My last post was on the importance of speed, i.e., timely feedback in online courses. In this post, I'd like to make some comments about the amount of feedback. Of course, the amount and details of your feedback depend on your course, whether it is a graduate-level seminar of nuclear mechanics or a musical composition course or an introductory survey to western history.
Your feedback should be appropriate for your course goals/objectives and appropriate to your audience. Let me restrict myself to the survey history courses that I teach. If my primary goal in the courses is to teach critical analysis of primary sources, then feedback that targets a student's analysis is most important, and red-pen markups of grammatical errors on a paper is of secondary importance. Yet what students see when they look at their feedback is the grammar corrections. They are not going to get the important feedback that you are trying to give them about developing analytical thesis points and then supporting that analysis with evidence.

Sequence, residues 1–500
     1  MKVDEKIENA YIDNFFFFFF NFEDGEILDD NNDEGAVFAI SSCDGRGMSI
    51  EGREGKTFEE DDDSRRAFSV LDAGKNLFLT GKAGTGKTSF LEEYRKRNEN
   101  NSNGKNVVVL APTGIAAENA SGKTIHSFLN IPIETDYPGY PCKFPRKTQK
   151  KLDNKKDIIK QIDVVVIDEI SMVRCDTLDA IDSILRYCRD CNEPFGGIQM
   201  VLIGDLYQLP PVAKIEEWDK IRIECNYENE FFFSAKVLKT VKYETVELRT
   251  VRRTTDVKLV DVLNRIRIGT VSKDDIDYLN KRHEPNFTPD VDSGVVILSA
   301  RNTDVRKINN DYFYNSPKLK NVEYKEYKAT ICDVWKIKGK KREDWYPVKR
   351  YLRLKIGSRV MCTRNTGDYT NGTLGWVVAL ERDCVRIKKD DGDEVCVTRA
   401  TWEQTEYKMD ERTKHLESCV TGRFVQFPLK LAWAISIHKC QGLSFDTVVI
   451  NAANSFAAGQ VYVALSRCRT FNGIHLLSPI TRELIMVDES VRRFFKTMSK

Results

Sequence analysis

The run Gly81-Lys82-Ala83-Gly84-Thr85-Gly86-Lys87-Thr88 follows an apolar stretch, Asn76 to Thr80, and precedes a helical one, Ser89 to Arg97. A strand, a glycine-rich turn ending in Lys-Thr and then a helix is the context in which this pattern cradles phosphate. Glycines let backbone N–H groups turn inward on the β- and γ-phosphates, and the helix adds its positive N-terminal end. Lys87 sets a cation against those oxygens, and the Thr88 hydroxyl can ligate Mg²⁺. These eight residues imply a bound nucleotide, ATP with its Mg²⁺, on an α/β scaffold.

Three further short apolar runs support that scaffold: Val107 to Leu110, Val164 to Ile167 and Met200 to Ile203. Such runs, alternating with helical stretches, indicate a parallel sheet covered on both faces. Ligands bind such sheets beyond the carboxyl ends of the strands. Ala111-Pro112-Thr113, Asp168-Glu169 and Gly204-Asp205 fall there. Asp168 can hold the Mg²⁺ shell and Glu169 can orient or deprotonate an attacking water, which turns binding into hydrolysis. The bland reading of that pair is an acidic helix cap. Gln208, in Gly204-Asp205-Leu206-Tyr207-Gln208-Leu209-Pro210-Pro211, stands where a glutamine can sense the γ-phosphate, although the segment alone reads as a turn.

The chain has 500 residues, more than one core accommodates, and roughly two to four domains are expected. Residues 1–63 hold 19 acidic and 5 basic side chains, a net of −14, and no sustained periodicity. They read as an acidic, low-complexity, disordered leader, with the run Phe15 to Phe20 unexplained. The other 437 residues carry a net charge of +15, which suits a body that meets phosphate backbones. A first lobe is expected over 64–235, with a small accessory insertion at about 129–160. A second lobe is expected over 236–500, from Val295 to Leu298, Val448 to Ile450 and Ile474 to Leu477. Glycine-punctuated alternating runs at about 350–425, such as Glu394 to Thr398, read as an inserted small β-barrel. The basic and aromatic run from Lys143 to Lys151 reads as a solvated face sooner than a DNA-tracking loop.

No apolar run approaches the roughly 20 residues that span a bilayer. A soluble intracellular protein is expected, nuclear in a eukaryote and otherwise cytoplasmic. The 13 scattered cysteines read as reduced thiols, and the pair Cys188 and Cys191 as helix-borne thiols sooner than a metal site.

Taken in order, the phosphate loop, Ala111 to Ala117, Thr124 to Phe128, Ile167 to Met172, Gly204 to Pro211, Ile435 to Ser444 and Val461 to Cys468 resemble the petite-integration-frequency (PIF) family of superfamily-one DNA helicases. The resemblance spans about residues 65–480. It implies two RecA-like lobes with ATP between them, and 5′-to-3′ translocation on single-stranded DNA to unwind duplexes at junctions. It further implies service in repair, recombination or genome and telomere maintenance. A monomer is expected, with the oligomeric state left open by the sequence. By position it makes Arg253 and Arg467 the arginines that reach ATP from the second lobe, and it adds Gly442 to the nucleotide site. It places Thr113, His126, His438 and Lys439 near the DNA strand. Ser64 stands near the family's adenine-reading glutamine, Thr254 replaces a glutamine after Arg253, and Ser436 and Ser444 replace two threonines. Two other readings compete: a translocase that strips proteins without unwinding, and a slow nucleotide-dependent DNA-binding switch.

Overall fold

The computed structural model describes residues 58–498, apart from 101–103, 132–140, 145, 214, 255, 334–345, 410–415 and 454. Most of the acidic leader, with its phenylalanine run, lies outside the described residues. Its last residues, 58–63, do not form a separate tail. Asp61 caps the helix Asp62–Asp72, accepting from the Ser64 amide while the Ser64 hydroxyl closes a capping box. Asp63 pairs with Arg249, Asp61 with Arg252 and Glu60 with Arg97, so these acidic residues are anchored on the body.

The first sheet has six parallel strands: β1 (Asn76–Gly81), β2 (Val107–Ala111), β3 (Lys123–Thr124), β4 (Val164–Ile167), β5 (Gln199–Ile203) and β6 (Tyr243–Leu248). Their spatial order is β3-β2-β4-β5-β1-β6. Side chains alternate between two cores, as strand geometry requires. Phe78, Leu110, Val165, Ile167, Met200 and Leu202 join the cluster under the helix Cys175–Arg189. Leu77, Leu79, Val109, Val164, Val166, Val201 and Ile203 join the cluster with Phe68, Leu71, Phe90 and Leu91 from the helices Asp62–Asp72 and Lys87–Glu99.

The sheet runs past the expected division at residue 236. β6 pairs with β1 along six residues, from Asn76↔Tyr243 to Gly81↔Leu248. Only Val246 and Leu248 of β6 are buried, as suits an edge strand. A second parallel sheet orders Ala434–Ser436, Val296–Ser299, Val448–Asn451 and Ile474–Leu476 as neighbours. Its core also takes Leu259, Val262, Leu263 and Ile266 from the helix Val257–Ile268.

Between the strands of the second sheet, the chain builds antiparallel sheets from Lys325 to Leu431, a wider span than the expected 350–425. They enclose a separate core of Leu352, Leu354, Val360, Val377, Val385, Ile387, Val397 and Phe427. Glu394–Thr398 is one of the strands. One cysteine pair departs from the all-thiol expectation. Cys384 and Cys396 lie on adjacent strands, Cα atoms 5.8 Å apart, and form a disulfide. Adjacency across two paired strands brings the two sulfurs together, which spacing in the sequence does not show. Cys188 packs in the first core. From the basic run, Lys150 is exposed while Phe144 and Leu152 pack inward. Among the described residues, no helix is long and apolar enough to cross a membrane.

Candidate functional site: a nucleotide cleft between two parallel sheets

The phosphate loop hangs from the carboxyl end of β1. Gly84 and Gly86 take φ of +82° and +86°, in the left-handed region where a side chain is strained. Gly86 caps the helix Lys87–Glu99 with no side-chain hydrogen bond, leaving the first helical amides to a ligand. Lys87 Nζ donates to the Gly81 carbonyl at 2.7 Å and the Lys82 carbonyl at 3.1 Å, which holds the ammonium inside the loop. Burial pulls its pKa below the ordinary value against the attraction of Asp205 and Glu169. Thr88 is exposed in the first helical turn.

You do not want to swamp students with feedback, because then a student will be less likely to discern the key parts of the feedback. A student is not quite sure what you are really asking them to focus on. So, for example, on a typical, five-paragraph, or one-page paper, feedback might be 25 words max. Short, succinct, and to the point.